The Persistence of Longing

Review by Grace Cavalieri

 


The Persistence of Longing

Terrapin Books, 2016. 96 pages.


Not since Sharon Olds’ Stag’s Leap has there been such a stellar book of poems written about the end of a marriage. These poems are deeply marked by life and cover the emotional alphabet of betrayal, rejection, hope, despair, with the greatest gift of all — the creativity to survive by writing. This is bright art about a dark time — from the end of a relationship to the beginning of the book, one can only imagine the internal mood music. I know it took Olds 25 years to produce her chronicle; and Knight’s ability to touch another’s life through these poems is a testimony to an artist’s work without deception; and serves to help poetry’s reputation in the world. Every poem is tailored differently. Knight knows her craft and uses clarity to fence in tumult. Each page is a delightful escalation of good writing; and the marvel is that this comes from a poet who knows who she is, through everything, and has the courage to share her gifts of discovery.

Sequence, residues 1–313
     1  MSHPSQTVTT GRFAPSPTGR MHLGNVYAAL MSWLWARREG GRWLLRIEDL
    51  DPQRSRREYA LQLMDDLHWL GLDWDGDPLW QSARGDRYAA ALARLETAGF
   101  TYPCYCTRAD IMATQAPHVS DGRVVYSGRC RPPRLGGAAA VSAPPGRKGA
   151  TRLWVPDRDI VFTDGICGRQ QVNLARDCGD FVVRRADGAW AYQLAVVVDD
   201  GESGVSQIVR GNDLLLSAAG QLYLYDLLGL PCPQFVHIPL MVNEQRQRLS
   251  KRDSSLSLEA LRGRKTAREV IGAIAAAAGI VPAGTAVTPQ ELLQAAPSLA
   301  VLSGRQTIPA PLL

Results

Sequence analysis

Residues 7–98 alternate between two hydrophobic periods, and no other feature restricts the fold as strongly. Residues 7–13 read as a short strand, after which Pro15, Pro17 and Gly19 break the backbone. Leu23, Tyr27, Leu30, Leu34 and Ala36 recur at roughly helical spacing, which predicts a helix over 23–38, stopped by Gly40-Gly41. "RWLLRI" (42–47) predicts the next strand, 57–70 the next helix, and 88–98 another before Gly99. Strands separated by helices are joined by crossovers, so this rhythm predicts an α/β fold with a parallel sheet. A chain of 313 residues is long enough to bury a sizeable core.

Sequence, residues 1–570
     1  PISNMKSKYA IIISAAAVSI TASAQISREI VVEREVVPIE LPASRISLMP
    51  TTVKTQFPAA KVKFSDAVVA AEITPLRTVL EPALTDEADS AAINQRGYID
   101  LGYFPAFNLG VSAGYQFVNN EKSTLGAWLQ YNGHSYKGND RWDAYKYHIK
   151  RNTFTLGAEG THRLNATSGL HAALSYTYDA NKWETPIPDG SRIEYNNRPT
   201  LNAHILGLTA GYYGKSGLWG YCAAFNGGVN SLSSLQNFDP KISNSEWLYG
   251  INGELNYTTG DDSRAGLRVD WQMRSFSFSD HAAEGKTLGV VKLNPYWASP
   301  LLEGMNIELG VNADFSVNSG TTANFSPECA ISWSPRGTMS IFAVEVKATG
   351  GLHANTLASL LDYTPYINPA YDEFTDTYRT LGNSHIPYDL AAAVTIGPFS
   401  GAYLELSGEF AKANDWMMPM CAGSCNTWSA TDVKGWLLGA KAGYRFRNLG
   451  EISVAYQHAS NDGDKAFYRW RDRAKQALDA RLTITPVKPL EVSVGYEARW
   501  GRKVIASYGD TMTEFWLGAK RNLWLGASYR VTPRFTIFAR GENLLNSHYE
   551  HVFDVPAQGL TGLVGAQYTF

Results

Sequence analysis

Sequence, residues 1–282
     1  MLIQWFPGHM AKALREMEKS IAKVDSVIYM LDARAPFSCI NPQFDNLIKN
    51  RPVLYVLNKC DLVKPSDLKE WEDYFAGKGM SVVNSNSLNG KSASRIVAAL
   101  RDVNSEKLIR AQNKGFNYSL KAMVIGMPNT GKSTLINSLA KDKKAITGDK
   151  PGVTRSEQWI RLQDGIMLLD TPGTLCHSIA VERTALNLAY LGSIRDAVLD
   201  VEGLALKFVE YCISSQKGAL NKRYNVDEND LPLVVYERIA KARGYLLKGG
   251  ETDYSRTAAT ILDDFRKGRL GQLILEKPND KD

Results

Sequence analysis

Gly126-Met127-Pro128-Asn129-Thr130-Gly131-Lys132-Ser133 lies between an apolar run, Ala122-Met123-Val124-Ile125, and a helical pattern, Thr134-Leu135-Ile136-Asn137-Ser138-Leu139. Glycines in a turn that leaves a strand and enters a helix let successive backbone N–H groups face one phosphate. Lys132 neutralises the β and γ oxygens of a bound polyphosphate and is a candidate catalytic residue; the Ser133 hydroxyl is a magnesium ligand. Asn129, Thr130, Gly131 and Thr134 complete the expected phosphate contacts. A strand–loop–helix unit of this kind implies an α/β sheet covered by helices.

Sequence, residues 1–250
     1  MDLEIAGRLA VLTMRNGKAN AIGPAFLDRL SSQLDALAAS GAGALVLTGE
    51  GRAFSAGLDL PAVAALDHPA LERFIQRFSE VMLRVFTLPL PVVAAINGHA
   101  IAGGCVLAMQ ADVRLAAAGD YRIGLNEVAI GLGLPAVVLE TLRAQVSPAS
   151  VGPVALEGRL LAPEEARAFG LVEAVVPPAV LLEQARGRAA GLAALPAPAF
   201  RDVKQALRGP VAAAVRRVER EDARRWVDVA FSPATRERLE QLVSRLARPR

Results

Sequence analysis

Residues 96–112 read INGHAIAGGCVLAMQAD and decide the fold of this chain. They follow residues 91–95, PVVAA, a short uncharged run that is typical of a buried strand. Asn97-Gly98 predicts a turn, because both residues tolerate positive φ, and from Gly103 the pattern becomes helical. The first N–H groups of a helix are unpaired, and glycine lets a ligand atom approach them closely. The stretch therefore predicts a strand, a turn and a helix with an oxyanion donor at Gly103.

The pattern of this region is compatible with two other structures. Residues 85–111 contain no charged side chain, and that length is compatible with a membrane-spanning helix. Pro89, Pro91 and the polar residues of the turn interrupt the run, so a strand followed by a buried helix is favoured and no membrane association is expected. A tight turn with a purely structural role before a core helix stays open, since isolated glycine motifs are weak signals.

The Silence of Women


Finally, the silence of women began to disappear.

It crumbled like old bread.

It evaporated like steam from broccoli.

It rose like the scent of turmeric from kitchens.

It mixed in with birdsong.

It flew over rivers and oceans.

It settled in prairies, it poured out like water

trapped in leaves.


The silence was one language.

All the women on earth spoke it:

They had mastered the tongue.


But it vanished in the sound of vacuum cleaners.

It lifted like smoke from chimneys.

In winter, it covered the snow. It was white, then,

so at first no one noticed. More snow, they thought

longing for spring. When spring came,

the silence burst into cherry blossoms, plum blossoms, apple.

This world of ours! the women cried.


And their stories rushed out like breath

held almost too long —




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